- This past March, SJP chapters at Boston University, Northeastern University, University of Massachusetts, Brown, and Tufts got together to host Boston’s second annual Israeli Apartheid Week.
- This May, University of Chicago’s SJP distributed campus-wide eviction notices to students living in dormitories to draw attention to the Israeli state’s illegal demolition of Palestinian houses. This was modeled after similar activities done at Harvard and Yale universities.
- One fall morning in 2006, Georgetown students walked to class only to find themselves blocked by a twenty-foot wall the university’s SJP had put up to raise awareness of the illegal Separation Barrier the Israeli state has constructed.
- On Wednesday, Georgetown’s SJP hosted a panel discussion on the UN bid, inviting human rights activists and human rights lawyers like Josh Reubner and Noura Erakat to underscore the importance of recognizing Palestinian statehood.
- In 2003, a young American college student, Rachel Corrie, was crushed to death by an Israeli bulldozer in Gaza while trying to stop it from destroying her Palestinian’s house. Her parents founded the Rachel Corrie Foundation for Peace and Justice in her honor. The Foundation works on promoting peace and human rights around the world and in Palestine. The Rachel Corrie Foundation has also joined the BDS movement.
- In response to the powerful American Jewish lobby, which for many years has funded American politicians’ campaigns while asking them to pledge support in Congress to the Israeli state, concerned Americans established the American Association for Palestinian Equal Rights (AAPER). Though a young organization, AAPER has been working hard to build America’s first Free Palestine Lobby and is encouraging Americans to contact their political representatives to inform them about the human rights abuses in Palestine and about what they can do to stop them.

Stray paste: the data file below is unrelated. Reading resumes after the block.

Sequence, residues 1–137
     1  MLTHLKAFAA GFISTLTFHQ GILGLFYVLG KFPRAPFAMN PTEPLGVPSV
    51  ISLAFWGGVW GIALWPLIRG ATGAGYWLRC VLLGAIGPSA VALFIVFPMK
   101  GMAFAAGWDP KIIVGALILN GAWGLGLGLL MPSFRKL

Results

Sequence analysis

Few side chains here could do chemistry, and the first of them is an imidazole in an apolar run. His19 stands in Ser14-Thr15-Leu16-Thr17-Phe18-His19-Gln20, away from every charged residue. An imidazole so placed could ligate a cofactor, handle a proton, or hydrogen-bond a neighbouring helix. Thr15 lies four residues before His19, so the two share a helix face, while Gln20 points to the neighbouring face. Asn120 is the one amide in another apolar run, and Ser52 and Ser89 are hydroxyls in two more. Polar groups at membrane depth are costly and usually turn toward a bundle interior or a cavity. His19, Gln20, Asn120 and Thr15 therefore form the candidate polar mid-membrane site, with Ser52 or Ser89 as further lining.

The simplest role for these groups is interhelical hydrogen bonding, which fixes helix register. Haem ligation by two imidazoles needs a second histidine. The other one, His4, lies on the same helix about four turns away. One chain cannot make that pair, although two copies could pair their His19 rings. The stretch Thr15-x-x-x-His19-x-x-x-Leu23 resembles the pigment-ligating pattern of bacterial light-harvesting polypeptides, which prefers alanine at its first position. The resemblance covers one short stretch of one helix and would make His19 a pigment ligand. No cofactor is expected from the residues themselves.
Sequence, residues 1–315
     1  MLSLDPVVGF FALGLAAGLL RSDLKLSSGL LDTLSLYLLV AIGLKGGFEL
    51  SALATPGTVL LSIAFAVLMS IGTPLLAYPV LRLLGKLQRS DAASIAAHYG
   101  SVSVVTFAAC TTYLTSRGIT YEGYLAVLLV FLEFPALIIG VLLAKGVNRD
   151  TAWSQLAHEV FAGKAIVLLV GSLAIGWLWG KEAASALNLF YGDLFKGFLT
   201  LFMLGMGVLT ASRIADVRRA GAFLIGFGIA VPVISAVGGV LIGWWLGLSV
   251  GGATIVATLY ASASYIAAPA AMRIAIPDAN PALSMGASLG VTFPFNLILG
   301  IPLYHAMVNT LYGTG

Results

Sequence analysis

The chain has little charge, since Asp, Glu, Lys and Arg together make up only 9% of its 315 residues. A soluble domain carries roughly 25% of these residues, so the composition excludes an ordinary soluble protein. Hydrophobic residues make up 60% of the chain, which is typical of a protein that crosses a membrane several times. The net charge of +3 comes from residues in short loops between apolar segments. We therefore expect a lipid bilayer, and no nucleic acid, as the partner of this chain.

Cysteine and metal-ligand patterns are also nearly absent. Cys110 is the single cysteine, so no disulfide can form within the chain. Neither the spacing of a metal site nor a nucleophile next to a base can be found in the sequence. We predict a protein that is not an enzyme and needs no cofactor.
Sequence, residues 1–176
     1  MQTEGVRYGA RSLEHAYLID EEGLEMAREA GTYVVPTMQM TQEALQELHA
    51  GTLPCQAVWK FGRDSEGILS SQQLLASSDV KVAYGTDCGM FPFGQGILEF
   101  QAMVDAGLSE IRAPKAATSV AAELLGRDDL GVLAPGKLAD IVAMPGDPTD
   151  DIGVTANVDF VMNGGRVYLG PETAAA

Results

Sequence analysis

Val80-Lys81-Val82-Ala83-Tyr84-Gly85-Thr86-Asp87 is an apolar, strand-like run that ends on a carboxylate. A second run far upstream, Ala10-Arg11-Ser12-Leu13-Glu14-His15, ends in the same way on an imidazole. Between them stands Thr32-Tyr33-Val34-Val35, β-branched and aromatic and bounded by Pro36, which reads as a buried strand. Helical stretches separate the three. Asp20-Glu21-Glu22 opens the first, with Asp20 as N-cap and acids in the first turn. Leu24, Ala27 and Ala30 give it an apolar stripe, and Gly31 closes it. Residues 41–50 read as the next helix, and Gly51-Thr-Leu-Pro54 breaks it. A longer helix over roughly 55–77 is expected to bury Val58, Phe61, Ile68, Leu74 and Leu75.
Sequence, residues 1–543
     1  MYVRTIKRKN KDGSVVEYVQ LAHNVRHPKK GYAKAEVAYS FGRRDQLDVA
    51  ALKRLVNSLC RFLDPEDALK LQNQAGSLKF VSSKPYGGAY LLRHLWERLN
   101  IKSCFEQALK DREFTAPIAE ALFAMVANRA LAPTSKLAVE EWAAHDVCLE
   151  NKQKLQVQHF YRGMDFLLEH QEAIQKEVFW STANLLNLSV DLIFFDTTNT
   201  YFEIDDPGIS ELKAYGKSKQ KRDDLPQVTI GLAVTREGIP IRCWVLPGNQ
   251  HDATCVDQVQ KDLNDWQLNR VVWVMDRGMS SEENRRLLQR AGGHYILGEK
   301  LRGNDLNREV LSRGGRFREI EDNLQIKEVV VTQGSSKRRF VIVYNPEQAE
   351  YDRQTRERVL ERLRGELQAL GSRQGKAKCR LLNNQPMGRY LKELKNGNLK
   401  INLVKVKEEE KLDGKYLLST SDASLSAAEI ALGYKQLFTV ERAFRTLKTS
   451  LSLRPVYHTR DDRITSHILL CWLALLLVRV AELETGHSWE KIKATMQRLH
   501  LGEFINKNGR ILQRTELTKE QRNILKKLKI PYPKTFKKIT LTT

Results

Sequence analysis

These are just a few of the many groups in America working to end the occupation.
The people working in these organizations would be the first to agree with you that not enough is being done in the US to end the plight of the Palestinian refugees. The looming US veto shows this and also reminds us that there is no time to waste.
So, readers, instead of focusing on placing our government’s faults on our shoulders, help us—those ordinary Americans working to reverse our government’s unjust policies. You are more than welcome to criticize our government’s unfair policies (as we ourselves often do), but then please also offer us sound advice on how we can strengthen our campaign for human rights and justice for all.
If you have recommendations for how we can reach more Americans, please let us know.
If you do not like our ideas for raising awareness in our communities about the occupation, please do give us some of your own.
If you are not satisfied with the strategies some of us in the States are using to call on our government to make a change, offer suggestions as to how we can do so more effectively.